Merged Satellite Microwave Radiometer Data Products for Climate Studies

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Wednesday, 7 January 2015
Deborah K. Smith, Remote Sensing Systems, Santa Rosa, CA; and C. A. Mears, K. A. Hilburn, and L. Ricciardulli

Handout (3.4 MB)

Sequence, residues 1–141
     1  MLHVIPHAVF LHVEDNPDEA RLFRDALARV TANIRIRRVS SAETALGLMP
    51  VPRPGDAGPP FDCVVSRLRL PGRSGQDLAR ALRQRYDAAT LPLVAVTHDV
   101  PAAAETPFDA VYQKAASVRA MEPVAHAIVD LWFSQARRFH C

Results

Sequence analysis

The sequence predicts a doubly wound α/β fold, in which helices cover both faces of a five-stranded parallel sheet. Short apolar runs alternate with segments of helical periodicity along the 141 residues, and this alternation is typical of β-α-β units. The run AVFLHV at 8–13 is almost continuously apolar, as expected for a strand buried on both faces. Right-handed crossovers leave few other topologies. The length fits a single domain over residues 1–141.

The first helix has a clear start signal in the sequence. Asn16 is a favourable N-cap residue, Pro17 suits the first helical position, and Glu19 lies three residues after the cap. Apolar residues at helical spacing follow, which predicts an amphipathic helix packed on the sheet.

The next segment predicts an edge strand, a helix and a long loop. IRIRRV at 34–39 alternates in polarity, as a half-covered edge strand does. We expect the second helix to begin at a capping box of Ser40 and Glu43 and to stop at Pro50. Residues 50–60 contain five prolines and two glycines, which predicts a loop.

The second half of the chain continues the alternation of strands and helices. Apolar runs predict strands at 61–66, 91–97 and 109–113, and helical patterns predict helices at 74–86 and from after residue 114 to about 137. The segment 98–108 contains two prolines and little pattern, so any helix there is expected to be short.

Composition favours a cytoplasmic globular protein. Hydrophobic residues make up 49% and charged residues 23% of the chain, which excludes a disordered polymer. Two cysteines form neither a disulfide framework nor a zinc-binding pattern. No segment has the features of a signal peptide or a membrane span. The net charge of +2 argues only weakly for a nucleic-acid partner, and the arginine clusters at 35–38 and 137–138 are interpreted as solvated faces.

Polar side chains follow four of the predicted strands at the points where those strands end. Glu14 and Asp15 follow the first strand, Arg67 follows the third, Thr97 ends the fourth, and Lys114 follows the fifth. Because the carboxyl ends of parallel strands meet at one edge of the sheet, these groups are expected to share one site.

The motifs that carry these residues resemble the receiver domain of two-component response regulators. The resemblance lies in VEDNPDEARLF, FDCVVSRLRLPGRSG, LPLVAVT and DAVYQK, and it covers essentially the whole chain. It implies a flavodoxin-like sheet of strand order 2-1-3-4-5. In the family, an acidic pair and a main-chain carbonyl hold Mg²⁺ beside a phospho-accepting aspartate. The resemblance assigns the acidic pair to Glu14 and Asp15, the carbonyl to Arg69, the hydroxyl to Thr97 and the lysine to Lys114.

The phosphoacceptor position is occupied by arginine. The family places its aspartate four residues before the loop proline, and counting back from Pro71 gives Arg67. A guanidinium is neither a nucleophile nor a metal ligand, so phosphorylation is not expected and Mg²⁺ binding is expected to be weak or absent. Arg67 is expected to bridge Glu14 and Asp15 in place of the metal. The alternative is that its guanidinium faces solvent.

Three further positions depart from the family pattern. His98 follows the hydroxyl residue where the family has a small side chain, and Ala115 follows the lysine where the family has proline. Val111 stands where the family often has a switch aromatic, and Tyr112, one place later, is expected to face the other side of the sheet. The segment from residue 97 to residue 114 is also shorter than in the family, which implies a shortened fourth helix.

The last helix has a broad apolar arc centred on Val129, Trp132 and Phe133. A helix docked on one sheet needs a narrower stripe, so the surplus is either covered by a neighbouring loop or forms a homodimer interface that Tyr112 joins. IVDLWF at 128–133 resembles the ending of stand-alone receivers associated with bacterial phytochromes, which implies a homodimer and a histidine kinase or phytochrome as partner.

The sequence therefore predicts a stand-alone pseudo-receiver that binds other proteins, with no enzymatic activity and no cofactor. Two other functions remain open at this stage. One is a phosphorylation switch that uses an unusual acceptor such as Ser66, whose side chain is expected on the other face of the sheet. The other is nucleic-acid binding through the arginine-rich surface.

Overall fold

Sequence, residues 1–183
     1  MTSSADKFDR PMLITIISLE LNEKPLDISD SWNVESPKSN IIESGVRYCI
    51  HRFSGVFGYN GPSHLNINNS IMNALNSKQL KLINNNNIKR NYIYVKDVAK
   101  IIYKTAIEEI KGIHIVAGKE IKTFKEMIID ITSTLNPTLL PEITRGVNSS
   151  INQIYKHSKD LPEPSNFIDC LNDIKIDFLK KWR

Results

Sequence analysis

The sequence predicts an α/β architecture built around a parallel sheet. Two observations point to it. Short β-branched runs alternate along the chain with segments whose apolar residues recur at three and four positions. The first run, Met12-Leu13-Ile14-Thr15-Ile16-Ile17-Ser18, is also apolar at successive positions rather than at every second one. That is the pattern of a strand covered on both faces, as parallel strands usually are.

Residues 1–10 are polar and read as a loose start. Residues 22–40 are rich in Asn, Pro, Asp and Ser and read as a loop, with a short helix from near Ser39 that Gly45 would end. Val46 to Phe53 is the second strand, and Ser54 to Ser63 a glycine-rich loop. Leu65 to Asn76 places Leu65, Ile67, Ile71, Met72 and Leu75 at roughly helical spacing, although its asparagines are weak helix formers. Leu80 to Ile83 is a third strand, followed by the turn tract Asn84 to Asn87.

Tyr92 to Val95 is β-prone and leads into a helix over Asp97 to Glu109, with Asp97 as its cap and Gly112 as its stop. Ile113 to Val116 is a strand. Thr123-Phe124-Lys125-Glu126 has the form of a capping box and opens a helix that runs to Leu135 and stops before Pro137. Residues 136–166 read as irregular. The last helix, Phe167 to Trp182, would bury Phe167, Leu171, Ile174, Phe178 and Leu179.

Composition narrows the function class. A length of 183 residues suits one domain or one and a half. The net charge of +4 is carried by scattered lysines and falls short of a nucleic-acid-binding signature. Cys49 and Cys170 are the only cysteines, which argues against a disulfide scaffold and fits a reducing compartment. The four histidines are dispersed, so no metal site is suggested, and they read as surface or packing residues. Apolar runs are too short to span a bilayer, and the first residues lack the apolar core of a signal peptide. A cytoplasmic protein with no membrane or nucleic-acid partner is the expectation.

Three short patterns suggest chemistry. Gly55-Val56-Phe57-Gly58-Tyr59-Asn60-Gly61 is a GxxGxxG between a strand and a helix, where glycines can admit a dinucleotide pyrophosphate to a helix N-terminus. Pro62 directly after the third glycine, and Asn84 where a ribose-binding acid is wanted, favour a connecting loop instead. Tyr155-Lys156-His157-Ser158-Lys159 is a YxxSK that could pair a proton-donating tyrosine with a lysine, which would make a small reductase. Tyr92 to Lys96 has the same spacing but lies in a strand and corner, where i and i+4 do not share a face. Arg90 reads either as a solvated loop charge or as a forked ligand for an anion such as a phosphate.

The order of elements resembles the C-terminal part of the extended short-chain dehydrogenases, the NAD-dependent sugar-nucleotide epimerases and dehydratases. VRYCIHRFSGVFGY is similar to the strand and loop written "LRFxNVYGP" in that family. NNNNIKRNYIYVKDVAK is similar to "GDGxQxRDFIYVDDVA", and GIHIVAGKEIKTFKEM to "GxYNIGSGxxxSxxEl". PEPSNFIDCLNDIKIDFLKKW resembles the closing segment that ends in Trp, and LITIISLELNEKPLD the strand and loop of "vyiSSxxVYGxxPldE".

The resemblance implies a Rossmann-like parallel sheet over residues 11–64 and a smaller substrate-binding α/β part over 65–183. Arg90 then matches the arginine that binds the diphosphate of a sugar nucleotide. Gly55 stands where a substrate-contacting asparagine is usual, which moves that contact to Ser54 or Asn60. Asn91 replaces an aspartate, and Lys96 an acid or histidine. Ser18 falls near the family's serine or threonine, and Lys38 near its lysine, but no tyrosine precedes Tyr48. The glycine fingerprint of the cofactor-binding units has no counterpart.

Satellite microwave observations provide nearly three decades of continuous, accurate monitoring of surface winds, columnar water vapor, cloud liquid water and rain rates over the global oceans. These very valuable observations are obtained from a number of satellite sensors: SSM/I F08 through F15, SSMIS F16 and F17, AMSR-E, AMSR2, TMI, WindSat, and most recently GMI. The data from these instruments have been carefully intercalibrated at the brightness temperature level, consistently processed and released as RSS Version-7 ocean products. Given the enormous amount of data, using these observations for climate research and model evaluation is time-consuming and proper quality control is non-trivial. We have therefore developed climate products for use by climate researchers. Monthly gridded products are created merging the high-quality RSS Version-7 data from all available instruments. Important aspects of the merging methodology include: selection of input data, requirement of minimal data values per grid cell, use of extended area rain flagging, use of extended area ice flagging, averaging method applied, and application of derived merging parameters. The resulting products provide monthly-averaged global gridded maps over the ocean with a 1-deg spatial resolution. The dataset starts in January 1988 and is updated monthly. One netCDF file contains the monthly average time series, monthly climatology, monthly anomaly time series, trend map, and time-latitude array needed for each parameter. Water vapor was the first of these merged data sets (released in early 2013), followed by ocean surface winds in Jan 2014. A rain rate product is almost ready for distribution. We provide examples of these products, comparisons with other data, and an example of using the data for analysis of climate variability and change.